Tall fescue is the most important cool-season grass in Kentucky. In most unimproved pastures, tall fescue is infected with a fungal endophyte that imparts tolerance to grazing and environmental stresses. The endophyte improves persistence in low input grazing systems, but it also results in the production of alkaloids that cause tall fescue toxicosis. Worse case symptoms include: fescue foot, fat necrosis, and loss of ear tips and tall switches. However, the symptoms that are not readily observed are often the costliest. These include vasoconstriction, elevated body temperature, lower forage intake, lower milk production, lower growth rates and weaning weights, compromised immune system, and lower conception/calving rates. Strategically manage tall fescue by:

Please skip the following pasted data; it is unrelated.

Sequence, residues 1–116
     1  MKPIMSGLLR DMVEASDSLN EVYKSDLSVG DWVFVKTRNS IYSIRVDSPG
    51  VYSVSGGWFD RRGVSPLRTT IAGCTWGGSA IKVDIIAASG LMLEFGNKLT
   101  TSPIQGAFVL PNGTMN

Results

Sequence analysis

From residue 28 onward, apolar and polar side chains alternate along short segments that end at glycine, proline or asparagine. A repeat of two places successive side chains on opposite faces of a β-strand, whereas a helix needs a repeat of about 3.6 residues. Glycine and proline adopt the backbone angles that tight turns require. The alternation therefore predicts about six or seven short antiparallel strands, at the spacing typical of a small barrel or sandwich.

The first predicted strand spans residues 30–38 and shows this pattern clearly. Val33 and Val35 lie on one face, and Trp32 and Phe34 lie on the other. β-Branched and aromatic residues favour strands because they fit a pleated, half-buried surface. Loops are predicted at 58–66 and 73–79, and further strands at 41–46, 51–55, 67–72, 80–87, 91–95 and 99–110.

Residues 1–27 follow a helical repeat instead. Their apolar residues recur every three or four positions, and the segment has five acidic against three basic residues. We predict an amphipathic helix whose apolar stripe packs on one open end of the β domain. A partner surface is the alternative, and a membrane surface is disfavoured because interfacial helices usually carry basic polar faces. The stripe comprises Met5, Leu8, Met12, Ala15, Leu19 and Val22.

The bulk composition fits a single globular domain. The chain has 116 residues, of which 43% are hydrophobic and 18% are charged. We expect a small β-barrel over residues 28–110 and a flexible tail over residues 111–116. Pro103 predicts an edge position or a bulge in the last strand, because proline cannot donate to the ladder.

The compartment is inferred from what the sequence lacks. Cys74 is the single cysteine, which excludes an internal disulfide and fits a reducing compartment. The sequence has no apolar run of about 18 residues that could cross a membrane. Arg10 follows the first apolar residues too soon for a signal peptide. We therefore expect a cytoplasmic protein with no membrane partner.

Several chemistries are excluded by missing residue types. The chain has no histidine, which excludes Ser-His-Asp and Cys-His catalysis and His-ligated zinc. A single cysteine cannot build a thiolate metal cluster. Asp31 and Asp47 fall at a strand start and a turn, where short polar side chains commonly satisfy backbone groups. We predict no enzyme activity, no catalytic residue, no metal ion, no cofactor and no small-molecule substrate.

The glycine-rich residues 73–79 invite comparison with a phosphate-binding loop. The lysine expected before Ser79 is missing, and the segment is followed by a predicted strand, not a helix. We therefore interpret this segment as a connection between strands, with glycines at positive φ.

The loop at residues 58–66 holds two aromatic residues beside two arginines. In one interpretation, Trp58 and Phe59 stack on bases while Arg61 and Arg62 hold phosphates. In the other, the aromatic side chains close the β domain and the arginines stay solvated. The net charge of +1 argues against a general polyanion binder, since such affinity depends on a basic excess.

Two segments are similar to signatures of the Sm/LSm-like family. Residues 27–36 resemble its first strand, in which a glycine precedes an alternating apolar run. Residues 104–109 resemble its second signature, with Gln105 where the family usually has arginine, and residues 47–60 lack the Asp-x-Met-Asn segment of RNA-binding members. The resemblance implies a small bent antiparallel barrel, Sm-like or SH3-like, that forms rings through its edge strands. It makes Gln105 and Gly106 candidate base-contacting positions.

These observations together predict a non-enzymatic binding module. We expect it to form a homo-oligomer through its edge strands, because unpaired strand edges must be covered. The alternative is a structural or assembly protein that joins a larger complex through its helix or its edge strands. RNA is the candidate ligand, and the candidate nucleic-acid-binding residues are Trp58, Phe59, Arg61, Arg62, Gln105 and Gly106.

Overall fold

- Replacing of Toxic Stands
- Managing Existing Tall Fescue Stands
- Dilution with other forages
- Clipping seadheads
- Strategic avoidance
- Using local animal genetics
- Supplement tall fescue pastures
While management strategies can mitigate impacts, the only way to completely eliminate the harmful effects of endophyte on livestock is to replace infected stands with other forages or novel endophyte tall fescue. ~ Dr. Chris Teutsch, Cow Country News.
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